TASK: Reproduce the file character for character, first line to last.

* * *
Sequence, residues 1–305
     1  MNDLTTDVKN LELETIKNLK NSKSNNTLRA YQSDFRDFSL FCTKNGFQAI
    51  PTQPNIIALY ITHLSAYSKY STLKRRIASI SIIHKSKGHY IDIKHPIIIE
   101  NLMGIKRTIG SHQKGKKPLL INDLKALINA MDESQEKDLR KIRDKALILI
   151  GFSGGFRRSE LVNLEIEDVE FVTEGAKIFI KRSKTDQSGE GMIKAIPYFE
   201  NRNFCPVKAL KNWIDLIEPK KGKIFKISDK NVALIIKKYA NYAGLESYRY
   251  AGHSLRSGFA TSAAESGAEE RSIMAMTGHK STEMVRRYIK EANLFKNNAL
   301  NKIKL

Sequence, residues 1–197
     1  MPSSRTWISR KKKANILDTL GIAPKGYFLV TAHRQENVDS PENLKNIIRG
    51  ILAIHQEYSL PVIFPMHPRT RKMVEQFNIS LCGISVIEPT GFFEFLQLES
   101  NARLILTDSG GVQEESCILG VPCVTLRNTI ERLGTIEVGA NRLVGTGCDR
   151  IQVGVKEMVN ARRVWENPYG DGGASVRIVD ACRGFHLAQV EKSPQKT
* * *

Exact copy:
Sequence, residues 1–305
     1  MNDLTTDVKN LELETIKNLK NSKSNNTLRA YQSDFRDFSL FCTKNGFQAI
    51  PTQPNIIALY ITHLSAYSKY STLKRRIASI SIIHKSKGHY IDIKHPIIIE
   101  NLMGIKRTIG SHQKGKKPLL INDLKALINA MDESQEKDLR KIRDKALILI
   151  GFSGGFRRSE LVNLEIEDVE FVTEGAKIFI KRSKTDQSGE GMIKAIPYFE
   201  NRNFCPVKAL KNWIDLIEPK KGKIFKISDK NVALIIKKYA NYAGLESYRY
   251  AGHSLRSGFA TSAAESGAEE RSIMAMTGHK STEMVRRYIK EANLFKNNAL
   301  NKIKL

Sequence, residues 1–197
     1  MPSSRTWISR KKKANILDTL GIAPKGYFLV TAHRQENVDS PENLKNIIRG
    51  ILAIHQEYSL PVIFPMHPRT RKMVEQFNIS LCGISVIEPT GFFEFLQLES
   101  NARLILTDSG GVQEESCILG VPCVTLRNTI ERLGTIEVGA NRLVGTGCDR
   151  IQVGVKEMVN ARRVWENPYG DGGASVRIVD ACRGFHLAQV EKSPQKT